Chancellor Sharp praises partnership between university, biotech firm
COLLEGE STATION, Texas — A team of scientists at Texas A&M is working on two COVID-19 vaccine candidates that could be mass produced quickly in modified tobacco plants.
The team is led by Dr. James Samuel, a regents’ professor and the head of the Department of Microbial Pathogenesis and Immunology at the Texas A&M University College of Medicine.
He discusses the experiments with John Sharp, Chancellor of The Texas A&M University System for part of the 12th and final episode of the series, “COVID-19: The Texas A&M University System Responds.
“This is an important collaboration,” Chancellor Sharp said. “It’s an example of how our scientists, engineers and other experts collaborate with the private sector on the world’s most pressing problems.”
The discussion will air 7 p.m. Thursday on KAMU-TV in College Station and on other Texas public television affiliates. (Check local listings in Dallas, San Antonio, Austin, Waco and Amarillo.) It also is on the System’s YouTube channel: https://youtu.be/mIHRAKOy6bg.
Dr. Samuel is leading the group at his lab at the Texas A&M Health Science Center. The team is testing the vaccine candidates for the international biotechnology company, iBio Inc., which operates a manufacturing facility in nearby Bryan, Texas. The scientists expect to see preliminary results before Oct. 1 from pre-clinical trials in mice.
iBio produces its two COVID-19 vaccine candidates in modified tobacco leaves using a plant-based growing system it calls “FastPharming.” The company says its system can produce vaccine doses at mass commercial scale more quickly than other methods.
Dr. Samuels said it is important for scientists across the globe to develop scores of different COVID-19 vaccine candidates.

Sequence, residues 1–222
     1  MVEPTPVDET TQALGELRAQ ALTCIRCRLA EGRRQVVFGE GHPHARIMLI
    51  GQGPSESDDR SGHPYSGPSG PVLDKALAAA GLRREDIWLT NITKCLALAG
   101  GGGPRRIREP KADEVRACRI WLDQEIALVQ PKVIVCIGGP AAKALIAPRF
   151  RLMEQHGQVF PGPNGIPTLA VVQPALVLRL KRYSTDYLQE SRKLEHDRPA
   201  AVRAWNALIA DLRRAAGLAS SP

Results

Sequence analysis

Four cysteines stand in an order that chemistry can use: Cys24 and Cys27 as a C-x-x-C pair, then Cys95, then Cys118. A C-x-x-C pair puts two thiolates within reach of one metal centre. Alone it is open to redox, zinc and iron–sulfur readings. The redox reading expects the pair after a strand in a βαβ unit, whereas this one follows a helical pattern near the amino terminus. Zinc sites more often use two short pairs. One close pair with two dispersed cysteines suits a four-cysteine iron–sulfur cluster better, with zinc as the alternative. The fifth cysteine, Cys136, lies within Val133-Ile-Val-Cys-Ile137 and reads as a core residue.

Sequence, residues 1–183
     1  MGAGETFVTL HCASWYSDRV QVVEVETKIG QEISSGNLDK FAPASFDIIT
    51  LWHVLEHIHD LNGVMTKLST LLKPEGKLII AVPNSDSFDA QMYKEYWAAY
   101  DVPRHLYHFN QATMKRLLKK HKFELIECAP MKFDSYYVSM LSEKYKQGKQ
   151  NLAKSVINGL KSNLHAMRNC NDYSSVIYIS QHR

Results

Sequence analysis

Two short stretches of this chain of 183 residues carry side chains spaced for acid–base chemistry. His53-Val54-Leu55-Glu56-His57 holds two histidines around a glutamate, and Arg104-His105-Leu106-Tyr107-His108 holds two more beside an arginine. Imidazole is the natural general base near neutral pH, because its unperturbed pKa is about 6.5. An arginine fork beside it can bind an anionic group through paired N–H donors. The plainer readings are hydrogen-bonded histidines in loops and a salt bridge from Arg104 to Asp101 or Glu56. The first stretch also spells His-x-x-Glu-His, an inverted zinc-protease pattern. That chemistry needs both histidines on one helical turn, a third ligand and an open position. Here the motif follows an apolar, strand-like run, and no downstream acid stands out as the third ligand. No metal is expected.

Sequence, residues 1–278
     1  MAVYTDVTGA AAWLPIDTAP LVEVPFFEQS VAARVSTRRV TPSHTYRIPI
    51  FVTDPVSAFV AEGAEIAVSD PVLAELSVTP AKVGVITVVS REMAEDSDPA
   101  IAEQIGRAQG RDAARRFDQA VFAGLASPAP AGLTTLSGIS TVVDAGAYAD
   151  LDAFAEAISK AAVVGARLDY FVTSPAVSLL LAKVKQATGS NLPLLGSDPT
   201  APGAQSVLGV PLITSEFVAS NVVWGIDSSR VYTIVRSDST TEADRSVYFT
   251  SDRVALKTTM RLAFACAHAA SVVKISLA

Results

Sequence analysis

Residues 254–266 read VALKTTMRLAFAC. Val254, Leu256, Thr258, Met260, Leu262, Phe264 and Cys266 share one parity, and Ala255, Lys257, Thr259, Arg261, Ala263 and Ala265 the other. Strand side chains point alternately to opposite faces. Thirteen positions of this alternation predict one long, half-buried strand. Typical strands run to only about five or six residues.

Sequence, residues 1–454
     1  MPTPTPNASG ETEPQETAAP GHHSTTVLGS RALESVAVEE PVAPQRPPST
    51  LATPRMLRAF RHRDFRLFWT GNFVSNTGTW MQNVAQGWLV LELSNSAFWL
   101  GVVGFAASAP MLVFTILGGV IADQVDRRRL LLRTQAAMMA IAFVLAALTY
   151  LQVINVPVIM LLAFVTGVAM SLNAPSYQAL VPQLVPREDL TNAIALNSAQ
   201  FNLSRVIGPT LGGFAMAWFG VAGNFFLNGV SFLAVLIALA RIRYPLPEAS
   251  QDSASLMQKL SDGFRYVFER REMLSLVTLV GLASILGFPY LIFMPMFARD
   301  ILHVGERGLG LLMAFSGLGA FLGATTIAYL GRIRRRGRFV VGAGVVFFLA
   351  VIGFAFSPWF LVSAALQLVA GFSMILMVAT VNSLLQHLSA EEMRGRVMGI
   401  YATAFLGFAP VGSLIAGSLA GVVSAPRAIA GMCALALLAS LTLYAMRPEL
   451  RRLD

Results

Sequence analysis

The SARS-Cov2 virus is unusually tough on the immune systems of elderly people and people with chronic health problems such as diabetes, hypertension and lung disease.
Dr. Samuels predicted that early vaccines will be useful for otherwise healthy people, but it probably will be more difficult to find vaccines that help more vulnerable patients.
“The challenge is a lot more complicated than a single vaccine,” he said. “The scale of the problem alone is unprecedented. This will not be a horse race with a single winner.”
The Texas A&M University System has worked with iBio Inc. on biotech manufacturing since 2016 through its Center for Innovation in Advanced Development and Manufacturing, (CIADM), which is part of the Public Health Preparedness and Response Initiative at the Health Science Center.
iBio Inc. is based in New York City. It has a 130,000 square-foot production facility near the Texas A&M campus. The building was constructed in 2010 with funding from the U.S. Defense Advanced Research Projects Agency (DARPA).
It was part of the “Blue Angel” initiative to help with rapid response to future outbreaks following the 2009 H1N1 flu pandemic, which infected 61 million people and caused an estimated 12,469 deaths in the United States.
About The Texas A&M University System
The Texas A&M University System is one of the largest systems of higher education in the nation with a budget of $6.3 billion. The System is a statewide network of 11 universities; a comprehensive health science center; eight state agencies, including the Texas Division of Emergency Management; and the RELLIS Campus. The Texas A&M System educates more than 151,000 students and makes more than 22 million additional educational contacts through service and outreach programs each year. System-wide, research and development expenditures exceeded $1 billion in FY 2019 and helped drive the state’s economy.
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